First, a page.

Doing this at the same time every night can add years to your life

As a child, it always felt like adults had all the fun. Grown-ups were allowed to do anything; drive cars, watch TV for as long as they want, and even stay up late. The hours following nine or ten o’clock at night felt like a forbidden, almost magical period. Of course, for those of us who’ve grown up, we know that staying up late is just a time to catch up on our favorite shows or waste a few hours on Reddit.

Whether you’re a natural night owl or an avid early riser, a new study conducted at Notre Dame University has some advice, and it’s sure to infuriate all of our inner children. Stick to a strict bedtime each night, it’s good for your heart.

Researchers found a correlation between one’s bedtime regularity and subsequent resting heart rate (RHR). More specifically, they discovered that individuals who went to sleep just 30 minutes later than their usual bedtime experienced a significant increase in their overnight heart rate that persisted into the following day.

“We already know an increase in resting heart rate means an increased risk to cardiovascular health,” says lead study author Nitesh Chawla, the Frank M. Freimann Professor of Computer Science and Engineering at Notre Dame, director of the Center for Network and Data Science, in a press release. “Through our study, we found that even if you get seven hours of sleep a night, if you’re not going to bed at the same time each night, not only does your resting heart rate increase while you sleep, it carries over into the next day.”

Everyone knows that sleep is essential, but it was never considered important before whether you went to sleep before midnight or at four in the morning, as long as you slept for around seven or eight hours. These findings, however, appear to be a pretty significant game-changer regarding how we should approach our sleep schedules.

While a fast heart rate doesn’t sound all that bad at first, a consistently elevated resting heart rate can increase one’s risk of heart attack or stroke.

When it comes to investigating inconsistent sleep schedules, who better to analyze than college students? The research team utilized data collected from 557 university students over a span of four years. During that time 255,736 sleep sessions were recorded. Each of those sessions documented the subject’s bedtime, time spent sleeping, and resting heart rate. Participants’ heart rates were also tracked during the day.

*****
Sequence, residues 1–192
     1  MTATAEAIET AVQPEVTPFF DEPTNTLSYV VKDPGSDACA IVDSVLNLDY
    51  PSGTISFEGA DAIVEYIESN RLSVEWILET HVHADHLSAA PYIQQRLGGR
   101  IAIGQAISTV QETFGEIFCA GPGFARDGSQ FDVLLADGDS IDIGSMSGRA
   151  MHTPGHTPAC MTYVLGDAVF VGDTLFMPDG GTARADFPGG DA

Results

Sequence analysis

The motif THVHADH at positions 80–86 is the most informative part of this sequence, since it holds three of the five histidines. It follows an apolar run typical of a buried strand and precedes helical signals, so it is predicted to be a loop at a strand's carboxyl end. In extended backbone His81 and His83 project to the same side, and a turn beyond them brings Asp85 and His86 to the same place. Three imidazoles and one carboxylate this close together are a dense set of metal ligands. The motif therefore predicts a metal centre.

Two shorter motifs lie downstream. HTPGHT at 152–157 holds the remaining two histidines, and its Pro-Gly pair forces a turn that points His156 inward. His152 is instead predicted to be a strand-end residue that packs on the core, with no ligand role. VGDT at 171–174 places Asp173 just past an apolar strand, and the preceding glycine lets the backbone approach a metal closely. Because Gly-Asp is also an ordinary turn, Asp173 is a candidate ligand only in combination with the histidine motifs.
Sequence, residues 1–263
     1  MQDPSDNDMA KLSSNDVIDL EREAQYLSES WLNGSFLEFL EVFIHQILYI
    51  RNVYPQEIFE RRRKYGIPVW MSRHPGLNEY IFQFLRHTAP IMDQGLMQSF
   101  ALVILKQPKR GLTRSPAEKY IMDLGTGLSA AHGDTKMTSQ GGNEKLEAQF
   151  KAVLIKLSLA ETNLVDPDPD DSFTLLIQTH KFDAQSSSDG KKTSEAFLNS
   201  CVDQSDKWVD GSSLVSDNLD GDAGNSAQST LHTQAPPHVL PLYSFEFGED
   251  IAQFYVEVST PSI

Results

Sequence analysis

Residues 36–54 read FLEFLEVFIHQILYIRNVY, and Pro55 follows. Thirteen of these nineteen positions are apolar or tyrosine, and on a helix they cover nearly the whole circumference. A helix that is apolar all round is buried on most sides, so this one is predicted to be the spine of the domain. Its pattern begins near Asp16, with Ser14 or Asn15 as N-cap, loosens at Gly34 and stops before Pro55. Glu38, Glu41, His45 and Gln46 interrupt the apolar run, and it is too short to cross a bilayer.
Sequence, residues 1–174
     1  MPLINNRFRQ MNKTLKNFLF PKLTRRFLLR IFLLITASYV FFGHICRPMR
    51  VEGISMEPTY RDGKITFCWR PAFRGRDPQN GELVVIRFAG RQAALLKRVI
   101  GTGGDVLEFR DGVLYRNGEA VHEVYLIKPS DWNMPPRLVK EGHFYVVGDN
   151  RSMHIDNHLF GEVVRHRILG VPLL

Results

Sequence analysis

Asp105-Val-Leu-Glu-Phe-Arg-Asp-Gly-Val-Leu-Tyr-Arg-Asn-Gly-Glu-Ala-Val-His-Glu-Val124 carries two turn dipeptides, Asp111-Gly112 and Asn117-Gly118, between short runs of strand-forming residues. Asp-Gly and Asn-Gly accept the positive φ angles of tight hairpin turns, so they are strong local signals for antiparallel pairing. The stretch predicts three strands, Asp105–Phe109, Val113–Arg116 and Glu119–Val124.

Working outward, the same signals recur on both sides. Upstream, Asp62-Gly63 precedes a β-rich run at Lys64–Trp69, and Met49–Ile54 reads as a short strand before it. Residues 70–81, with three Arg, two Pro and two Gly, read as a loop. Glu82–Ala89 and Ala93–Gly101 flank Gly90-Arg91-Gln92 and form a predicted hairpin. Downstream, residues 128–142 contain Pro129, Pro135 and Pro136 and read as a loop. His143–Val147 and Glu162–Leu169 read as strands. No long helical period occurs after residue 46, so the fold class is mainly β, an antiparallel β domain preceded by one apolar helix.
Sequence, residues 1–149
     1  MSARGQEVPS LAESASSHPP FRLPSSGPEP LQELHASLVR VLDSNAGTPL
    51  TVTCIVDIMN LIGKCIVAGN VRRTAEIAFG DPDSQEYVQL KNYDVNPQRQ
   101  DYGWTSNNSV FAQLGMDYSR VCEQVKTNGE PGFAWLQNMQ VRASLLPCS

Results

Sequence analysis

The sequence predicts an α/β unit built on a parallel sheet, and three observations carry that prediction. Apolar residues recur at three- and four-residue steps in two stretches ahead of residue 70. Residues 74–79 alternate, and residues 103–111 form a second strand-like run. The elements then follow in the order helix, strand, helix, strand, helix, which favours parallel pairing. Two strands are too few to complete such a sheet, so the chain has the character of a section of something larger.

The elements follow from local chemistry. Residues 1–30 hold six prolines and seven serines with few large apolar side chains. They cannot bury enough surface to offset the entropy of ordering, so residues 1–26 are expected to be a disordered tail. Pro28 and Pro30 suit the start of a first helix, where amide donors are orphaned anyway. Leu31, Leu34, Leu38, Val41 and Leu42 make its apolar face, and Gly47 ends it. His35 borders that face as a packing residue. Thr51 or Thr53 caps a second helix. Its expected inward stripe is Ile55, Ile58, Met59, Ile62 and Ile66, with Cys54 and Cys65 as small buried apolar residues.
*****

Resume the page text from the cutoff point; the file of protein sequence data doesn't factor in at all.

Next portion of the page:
Noticeable increases in resting heart rate were observed whenever a student would go to bed later than their usual bedtime. The later a participant would stay up, the faster their heart rate would become as they slept. This increased resting heart rate would often last well into the next day.Even students who went to bed earlier than usual saw their heart rate increase, but there were some caveats. Going to bed around a half-hour earlier than usual didn’t seem to have much of an effect on heart rate but when students hit the sack extra early (more than a half-hour before their usual bedtime) their resting heart rate significantly bumped up while asleep before returning to normal by the morning. 

Sleep and its nuances is a complex topic. Some nights we fall asleep as soon as our heads hit the pillow, while others are spent staring at the ceiling for hours on end. No one is saying following a strict bedtime is easily accomplished, but it may be a challenge worth meeting. 

“For some, it may be a matter of maintaining their regular ‘work week’ bedtime through the weekend,” Chawla concludes. “For shift workers and those who travel frequently, getting to bed at the same time each night is a challenge. Establishing a healthy bedtime routine — as best you can — is obviously step number one. But sticking to it is just as important.”

The full study can be found here, published in Nature.